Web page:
Joseph Edward Brazeau: Some local history
There are very few figures that have marked Canada and Alberta’s history that saw their names given to so many geographical entities. Thirteen official toponyms – and not minor ones – carry on Joseph Edward Brazeau’s memory (1812-1871).
Two mountain ranges (Brazeau Range and Le Grand Brazeau), two rivers (Brazeau and North-West Brazeau), two lakes (Brazeau and Brazeau Mine Pit), a high peak (Mount Brazeau), a municipal district (Brazeau County), a dam (Brazeau Dam), a canal, a reservoir, a confluence, and a railway station claim his surname.
Originally from America, Joseph Edward Brazeau was born on March 10, 1812 in St. Louis, Missouri. He was the son of Joseph Brazeau Jr. and Julia Robidoux; they themselves were from Kaskaskia (Illinois).
Very little information from his younger years remains today. Around 1830, he joined the service of the American Fur Company, and was successively assigned to positions in Yellowstone and in High Missouri.
He lived among the Cheyenne and the Pieds-Noirs (Blackfoot) for several years. He earned himself a desirable reputation among them, namely, that of him being a fearless man. Brazeau worked for many years on behalf of the Hudson’s Bay Company (1846-1869), which had hired him as both a master of a posthouse and a civil servant. He was assigned to various posts: Fort Carlton, Fort Assiniboine, Jasper House, Rocky Mountain House, and Fort Edmonton amongst others.
Accomplished polyglot, Brazeau is said to have known nine languages and dialects. He would express himself in French, English, Spanish, and was quite capable of conversing with the Apsáalooke (Crow), the Dakota (Sioux), the Nitsitapii (Blackfoot), the Cree, the Assiniboine, and the Saulteux.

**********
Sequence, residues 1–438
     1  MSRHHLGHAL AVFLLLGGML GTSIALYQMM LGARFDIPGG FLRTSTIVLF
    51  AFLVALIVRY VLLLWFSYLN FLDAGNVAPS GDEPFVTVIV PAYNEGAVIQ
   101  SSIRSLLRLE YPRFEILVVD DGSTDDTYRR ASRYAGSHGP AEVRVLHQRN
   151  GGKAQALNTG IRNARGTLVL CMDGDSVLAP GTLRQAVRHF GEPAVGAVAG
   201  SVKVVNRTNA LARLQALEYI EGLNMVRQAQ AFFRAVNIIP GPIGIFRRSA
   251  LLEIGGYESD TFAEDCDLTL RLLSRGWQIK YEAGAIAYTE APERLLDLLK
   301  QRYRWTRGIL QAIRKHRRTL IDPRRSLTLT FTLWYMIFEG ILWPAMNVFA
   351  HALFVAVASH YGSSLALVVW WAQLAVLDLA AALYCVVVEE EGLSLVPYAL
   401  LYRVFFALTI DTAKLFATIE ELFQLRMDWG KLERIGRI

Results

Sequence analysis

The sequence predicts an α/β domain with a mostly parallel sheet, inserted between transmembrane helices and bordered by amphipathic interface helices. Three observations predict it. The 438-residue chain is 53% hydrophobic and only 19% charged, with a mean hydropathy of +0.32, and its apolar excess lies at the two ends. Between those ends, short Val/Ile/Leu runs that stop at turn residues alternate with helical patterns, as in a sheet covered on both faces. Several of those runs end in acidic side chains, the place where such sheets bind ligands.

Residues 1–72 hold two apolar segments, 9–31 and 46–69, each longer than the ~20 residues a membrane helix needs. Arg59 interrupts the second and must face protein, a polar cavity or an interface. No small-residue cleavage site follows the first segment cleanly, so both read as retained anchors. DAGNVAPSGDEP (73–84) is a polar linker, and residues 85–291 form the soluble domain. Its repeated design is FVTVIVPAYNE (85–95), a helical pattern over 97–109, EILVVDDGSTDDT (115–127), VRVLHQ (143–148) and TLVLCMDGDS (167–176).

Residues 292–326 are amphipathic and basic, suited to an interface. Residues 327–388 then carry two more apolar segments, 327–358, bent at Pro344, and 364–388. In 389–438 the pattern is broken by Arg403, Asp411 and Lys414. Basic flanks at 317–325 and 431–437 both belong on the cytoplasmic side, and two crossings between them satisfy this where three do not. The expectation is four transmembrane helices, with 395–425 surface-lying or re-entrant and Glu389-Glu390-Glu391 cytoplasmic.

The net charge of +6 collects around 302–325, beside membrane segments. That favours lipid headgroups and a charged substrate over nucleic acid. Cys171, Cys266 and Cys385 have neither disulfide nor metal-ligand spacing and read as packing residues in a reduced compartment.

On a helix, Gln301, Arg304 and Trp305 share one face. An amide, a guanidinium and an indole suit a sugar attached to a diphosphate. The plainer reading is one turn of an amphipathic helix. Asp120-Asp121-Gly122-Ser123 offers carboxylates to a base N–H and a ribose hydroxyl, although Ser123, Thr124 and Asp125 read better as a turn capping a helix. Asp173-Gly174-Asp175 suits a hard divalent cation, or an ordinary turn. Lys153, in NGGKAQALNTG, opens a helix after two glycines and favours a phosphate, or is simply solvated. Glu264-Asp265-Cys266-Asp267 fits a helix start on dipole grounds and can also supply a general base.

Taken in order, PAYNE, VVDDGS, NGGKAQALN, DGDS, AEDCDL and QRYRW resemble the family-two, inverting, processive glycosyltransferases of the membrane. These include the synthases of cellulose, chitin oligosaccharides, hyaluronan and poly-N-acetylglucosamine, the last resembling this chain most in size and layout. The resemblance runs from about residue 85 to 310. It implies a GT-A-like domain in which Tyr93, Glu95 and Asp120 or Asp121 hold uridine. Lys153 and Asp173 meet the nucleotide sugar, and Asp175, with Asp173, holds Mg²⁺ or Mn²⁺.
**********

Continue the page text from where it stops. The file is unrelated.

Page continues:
His services as an interpreter were frequently selected and valued. Many figures that have left a mark on their era enjoyed his company, praised his interpersonal skills, and pointed out his sharp mind.
This was the case for John Palliser, James Hector, Captain Arthur Brisco, James Carnegie (Earl of Southesk), and for the painter Georges Catlin.
In 1831, Brazeau married Marguerite Brabant (Salois) (1815-1885). Their children’s names give clues about the man’s distinct in historical great names. One of their boys was named George Washington (1845-1880), another one was John Horace Nelson (born 1850).
Another one of his original traits was his somewhat unusual outfits. He preferred wrapping a cloak around himself rather than wearing an overcoat. And in order to have more panache, he would put on a large sombrero that had dark colour.
It has been written numerous times that Brazeau was of Metis and Creole descent, and that he descended from an old Spanish family. Though his Iberian ancestry was never questioned, his paternal lineage has recently been laid out (I believe further research is needed) that situates his distant ancestors in France, and Paris to be more specific.
It appears that Joseph Edward Brazeau was Nicolas Brazeau’s descendant, a wheelwright that lived in St. Paul Parish on La Cerisaie Street in Paris. Nicolas married Perette (or Perinne) Billard, who was from Chaumont-en-Vexin. In June 1680, the couple joined the service for three years in New France on Sirs Jacques Leber and Charles Lemoine’s behalf. The couple embarked for America in 1681. Two years later, Nicolas put in a request to Frontenac in order to create “a mastery of skills,” which would oblige those who wanted to be wheelwrights to do “a masterpiece right before his eyes.” Many years went by, then Nicolas and Perette took up residence in the St. Lawrence Lowland. Thus, Joseph Edward Brazeau’s ancestral family established their line of descendants in America.
Joseph Edward Brazeau passed away on September 1, 1871 in Big Lake (St. Albert).
Originally published in Le Franco, 18-24 February 2016 issue, by Carol J. Léonard. Reprinted with permission from Le Franco. Translated by Germain Richard.
Many thanks to history enthusiast Philippe Gibeau for bringing this article to our attention, and doing the work to have it translated and obtaining permission to reprint it.